Across the country, unbeknownst to many, there is a growing proactive effort to create and grow “entrepreneurial ecosystems” to dynamically drive innovation, economic development and massive wealth creation. These ten syllables have a strong economic impact and also propel us headlong into the future at an accelerated pace.
Entrepreneurial ecosystems can be viewed as an interconnected network of organizations, institutions, individuals, and resources that support the development and growth of entrepreneurs and their new ventures in a specific region. They provide a supportive and nurturing environment where startup founders can access the necessary resources, talent, knowledge and networks they need to launch and grow their business.
These ecosystems are comprised of entrepreneurs, mentors, investors, educational institutions, businesses, local/state government agencies, and specialized resources and organizations, all under the banner of ESOs – business organizations. support for entrepreneurship. They provide roadmaps and insights that help startup founders find what they need at each stage of their growth and act as catalysts to make things happen.
As Linda OlsonCEO/President of Tampa Bay Wave – a non-profit technology accelerator that helps entrepreneurs turn their innovative ideas into real-world solutions and scalable businesses – further explains:
“It takes a village to create a startup. Emerging businesses cannot thrive alone. They need capital at every stage of their growth. They need educated customers and employees. Academia – whether a single university or a network of universities – in active partnership with the local community can help a region appear attractive to capital and provide a pipeline of talent. You also can’t underestimate the value of startup peers and mentors in helping these startup leaders operate effectively and learn to scale quickly. And then there is a wide range of ESOs to complement the specialist resources, access and knowledge needed to be competitive. So, at the heart is the entrepreneur and the entrepreneurial ecosystem is made up of all the organizations and supporting resources around them to help them grow and evolve.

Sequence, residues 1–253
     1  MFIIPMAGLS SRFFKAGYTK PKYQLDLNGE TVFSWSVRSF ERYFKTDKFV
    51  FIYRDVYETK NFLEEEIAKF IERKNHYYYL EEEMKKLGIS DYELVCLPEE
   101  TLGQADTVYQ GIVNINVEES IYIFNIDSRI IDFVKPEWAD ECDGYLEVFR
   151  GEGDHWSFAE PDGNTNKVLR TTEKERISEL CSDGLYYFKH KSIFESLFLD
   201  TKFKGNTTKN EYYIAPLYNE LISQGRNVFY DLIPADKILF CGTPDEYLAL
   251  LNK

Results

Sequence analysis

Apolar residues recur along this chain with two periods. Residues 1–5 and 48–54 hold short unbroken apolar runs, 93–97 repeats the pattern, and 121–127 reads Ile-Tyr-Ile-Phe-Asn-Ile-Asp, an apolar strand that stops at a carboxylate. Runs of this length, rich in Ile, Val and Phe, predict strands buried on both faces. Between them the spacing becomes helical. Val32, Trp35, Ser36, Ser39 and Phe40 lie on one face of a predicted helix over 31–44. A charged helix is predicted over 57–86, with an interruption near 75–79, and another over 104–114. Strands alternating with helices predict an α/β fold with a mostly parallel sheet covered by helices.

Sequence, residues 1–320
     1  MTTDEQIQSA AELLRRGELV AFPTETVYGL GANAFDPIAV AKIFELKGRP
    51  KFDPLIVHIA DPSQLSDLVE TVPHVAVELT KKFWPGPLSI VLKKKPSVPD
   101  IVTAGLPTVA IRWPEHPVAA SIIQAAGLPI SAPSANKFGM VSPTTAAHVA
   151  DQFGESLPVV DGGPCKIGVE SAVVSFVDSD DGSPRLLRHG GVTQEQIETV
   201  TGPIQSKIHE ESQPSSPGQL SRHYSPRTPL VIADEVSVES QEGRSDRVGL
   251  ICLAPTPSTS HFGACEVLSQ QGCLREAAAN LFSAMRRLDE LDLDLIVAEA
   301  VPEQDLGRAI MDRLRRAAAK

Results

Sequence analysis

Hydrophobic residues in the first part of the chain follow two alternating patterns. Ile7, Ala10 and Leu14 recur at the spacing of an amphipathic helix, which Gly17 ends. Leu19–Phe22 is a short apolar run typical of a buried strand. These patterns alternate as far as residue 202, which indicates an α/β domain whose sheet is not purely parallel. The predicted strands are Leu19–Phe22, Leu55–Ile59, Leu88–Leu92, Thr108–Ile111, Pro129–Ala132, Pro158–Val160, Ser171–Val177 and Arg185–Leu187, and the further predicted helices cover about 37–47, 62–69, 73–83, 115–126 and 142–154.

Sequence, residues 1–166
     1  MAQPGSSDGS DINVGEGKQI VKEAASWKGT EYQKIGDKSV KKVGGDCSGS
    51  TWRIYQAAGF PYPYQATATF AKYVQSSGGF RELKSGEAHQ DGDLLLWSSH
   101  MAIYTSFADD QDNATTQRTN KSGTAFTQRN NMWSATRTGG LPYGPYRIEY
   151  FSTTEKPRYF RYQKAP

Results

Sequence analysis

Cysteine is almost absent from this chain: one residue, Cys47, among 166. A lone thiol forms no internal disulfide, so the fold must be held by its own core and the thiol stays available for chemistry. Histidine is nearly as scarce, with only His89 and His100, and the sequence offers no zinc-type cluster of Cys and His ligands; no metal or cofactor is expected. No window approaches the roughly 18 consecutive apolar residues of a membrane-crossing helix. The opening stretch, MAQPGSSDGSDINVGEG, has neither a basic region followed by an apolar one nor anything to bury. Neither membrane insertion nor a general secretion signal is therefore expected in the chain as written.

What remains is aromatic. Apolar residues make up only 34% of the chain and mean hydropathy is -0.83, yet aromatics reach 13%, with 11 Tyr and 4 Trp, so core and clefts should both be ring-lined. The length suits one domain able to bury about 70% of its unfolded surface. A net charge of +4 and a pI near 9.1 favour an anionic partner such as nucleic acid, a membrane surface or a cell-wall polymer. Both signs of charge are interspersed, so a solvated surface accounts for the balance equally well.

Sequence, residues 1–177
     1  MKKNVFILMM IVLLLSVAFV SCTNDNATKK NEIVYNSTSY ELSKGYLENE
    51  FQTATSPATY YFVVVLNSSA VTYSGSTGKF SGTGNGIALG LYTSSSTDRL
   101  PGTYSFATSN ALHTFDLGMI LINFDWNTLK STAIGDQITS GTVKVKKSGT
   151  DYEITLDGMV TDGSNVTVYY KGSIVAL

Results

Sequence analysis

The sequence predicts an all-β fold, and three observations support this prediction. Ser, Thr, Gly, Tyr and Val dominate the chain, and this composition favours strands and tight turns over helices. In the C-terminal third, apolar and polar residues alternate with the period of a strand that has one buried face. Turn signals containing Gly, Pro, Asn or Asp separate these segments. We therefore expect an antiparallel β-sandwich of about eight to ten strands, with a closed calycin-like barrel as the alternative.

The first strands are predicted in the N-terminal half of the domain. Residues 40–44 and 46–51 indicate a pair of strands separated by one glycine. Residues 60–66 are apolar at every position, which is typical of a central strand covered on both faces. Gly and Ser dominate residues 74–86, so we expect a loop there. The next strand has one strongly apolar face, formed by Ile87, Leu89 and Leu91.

Components of an entrepreneurial ecosystem
Based in Tampa Bay Synapse – a nonprofit organization that acts as a statewide connector of Florida’s innovation community – has mapped the key components of an entrepreneurial ecosystem that emphasizes community framework and on the fact that innovation is a team sport. Here are the key elements that cultivate fertile ground for entrepreneurs to succeed and scale:
Entrepreneurship Support Organizations (ESO): A diverse set of organizations that includes accelerators, incubators, coworking spaces and other startup development programs.
Innovation facilitators: Include law, accounting and consulting firms offering specialized training, mentoring and business advice to entrepreneurs.
Investors/Financing Sources: Offer essential financial capital and include venture capital firms, angel investors, crowdfunding platforms and banks to provide capital to start and grow businesses.
Government: Local/regional/state financial and support programs that include economic development councils (EDCs), the US Small Business Administration, and government grants.